Echidna CSI is a research project run by the University of Adelaide using data collected by citizen scientists to study echidnas. The project has had a huge impact on echidna research and conservation.

Using a bespoke mobile app, (which uses the Atlas of Living Australia (ALA) BioCollect application as its database) and an army of citizen scientists across the country, Echidna CSI has established an Australia-wide distribution map of Short-Beaked Echidnas (Tachyglossus culeatus). The project has doubled the number of echidna records in the ALA and discovered new facts about echidna biology. Echidna CSI encourages the public to take photos of echidnas around Australia and collect their scats for DNA and hormone analysis. Over the past
three years, thousands of participants have recorded more than 12,000 echidna sightings. This is the largest dataset collected by any project for echidnas. The data is providing valuable information on wild populations’ habitat, diet and health including insights into the impact of ushfires on echidna microbiomes.

Study the shy Echidna? Challenge accepted

Echidnas are notoriously shy and difficult to see in the wild, and prior to Echidna CSI they were considered pretty difficult (and expensive) to tudy. As a result, although echidnas are iconic native species and threatened by feral animals, habitat loss and road collisions, many aspects of wild populations including their distribution, biology and population trends were largely unknown. The Echidna CSI project brought
together ecologists, molecular researchers and computer scientists from the University of Adelaide, the Atlas of Living Australia’s biodiversity data infrastructure, and Australia’s citizen science community to fill the gaps in our knowledge about echidnas.

Using Echidna CSI citizen scientists can upload sightings of Echidnas
from all over Australia. Image credit: Cecilia Webster

ALA tool enables scientists to tap into citizen workforce

The research team developed their own custom mobile application for the collection of data and linked this to the ALA’s BioCollect field data collection tool as the backend database and data access/visualisation tool, to enable citizen scientists to record echidna observations. All observations flow automatically into the ALA. The project has robust quality assurance processes built into it to ensure all records are verified, research-grade data points. The research team also have access to all citizen scientist echidna observations in the ALA uploaded via other applications such as iNaturalist. The Echidna CSI app is customised to the project and designed to guide users into collecting information that will be of most use. It also includes fun facts about echidnas so users can learn more about this iconic Australian species.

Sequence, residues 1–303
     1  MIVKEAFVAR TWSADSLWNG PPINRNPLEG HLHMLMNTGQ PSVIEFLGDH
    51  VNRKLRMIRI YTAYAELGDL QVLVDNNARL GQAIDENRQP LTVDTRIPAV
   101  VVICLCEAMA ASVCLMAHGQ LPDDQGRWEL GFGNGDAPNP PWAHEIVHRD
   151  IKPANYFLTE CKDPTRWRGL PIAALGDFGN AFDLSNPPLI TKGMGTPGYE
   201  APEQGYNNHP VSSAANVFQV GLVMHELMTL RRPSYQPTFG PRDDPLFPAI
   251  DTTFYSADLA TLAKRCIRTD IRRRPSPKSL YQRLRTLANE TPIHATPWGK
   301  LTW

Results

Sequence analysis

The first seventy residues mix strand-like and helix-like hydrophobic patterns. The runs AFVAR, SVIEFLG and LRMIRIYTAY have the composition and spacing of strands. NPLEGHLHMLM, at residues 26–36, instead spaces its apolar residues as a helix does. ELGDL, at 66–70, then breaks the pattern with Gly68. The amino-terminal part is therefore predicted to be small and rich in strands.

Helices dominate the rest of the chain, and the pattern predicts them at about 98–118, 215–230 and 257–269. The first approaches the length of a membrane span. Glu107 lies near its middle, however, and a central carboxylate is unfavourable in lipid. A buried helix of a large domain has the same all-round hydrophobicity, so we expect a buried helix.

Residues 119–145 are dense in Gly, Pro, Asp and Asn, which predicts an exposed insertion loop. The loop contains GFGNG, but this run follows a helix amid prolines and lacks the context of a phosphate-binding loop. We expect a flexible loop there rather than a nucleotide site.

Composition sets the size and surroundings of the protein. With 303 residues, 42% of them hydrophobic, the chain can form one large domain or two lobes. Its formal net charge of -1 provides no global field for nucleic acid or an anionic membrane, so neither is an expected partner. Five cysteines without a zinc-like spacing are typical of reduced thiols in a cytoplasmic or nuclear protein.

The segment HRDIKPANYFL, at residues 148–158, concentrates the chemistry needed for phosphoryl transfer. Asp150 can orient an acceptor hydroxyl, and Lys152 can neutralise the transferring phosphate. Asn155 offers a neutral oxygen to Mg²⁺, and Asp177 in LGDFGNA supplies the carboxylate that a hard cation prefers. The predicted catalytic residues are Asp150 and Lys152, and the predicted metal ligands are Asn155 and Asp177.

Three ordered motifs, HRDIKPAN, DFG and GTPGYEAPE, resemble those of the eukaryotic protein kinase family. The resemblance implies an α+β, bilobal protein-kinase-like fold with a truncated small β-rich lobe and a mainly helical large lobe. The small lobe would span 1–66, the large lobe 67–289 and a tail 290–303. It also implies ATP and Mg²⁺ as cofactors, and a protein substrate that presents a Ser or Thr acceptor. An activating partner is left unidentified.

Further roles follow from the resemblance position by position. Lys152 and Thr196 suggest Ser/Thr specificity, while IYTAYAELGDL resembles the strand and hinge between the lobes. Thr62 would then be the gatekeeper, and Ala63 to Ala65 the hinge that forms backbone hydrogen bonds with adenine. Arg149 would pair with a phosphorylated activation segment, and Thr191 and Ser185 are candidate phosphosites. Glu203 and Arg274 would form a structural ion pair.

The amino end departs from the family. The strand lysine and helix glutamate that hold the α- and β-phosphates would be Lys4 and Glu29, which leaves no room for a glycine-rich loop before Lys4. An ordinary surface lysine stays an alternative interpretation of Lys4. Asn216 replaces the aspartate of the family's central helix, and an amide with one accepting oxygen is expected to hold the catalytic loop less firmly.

Mobile app has huge impact for echidna research and conservation

By combining novel science with citizen science, the Echidna CSI citizen science project has highlighted the extraordinary power of the citizen
science approach. More than 11,000 people have contributed to the Echidna CSI project. These citizen scientists have eyes on the ground in
many locations and have contributed sightings and genetic material from all states and territories including throughout protected areas and remote places. The research team could never have surveyed such a large area without the help of the Echidna CSI community contributors.

ALA infrastructure has been crucial in advancing echidna research and making the data, and data visualisations, accessible and open. This has resulted in the ability to leverage translational research, such as examining the impact of fire on echidna populations and diet.

Assessing echidna populations after the 2019-20 bushfires

All echidna records collected before the 2019-2020 bushfire season served as crucial baseline information to monitor and assess the health of echidna populations post fire. Echidna CSI has conducted some local scale research in fire impacted areas and is documenting a change in echidna microbiomes in areas such as Kangaroo Island in South Australia. This subspecies of echidnas is listed as endangered, so the more we can learn about their response to fire the better.

Research impact

Postdoctoral Researcher Dr Tahlia Perry from the University of Adelaide leads the Echidna CSI research project.

Echidna CSI in numbers

  • 12,000 sightings
  • 11,000 citizen scientists
  • 700 scat samples
  • 2017 Echidna CSI launched
  • 7 states and territories
  • Doubled the number of echidna records in the ALA

Awards and recognition

  • Finalist in the 2021 Department of Industry, Science, Energy and Resources Eureka Prize for Innovation in Citizen Science
  • Finalist for the 2021 South Australian Citizen Science Award
  • Finalist in the 2021 South Australian Science Excellence and Innovation for citizen science and PhD research excellence

For more information

  • Echidna CSI is available to download on both Android and Apple devices.
  • For more information on the ALA visit or contact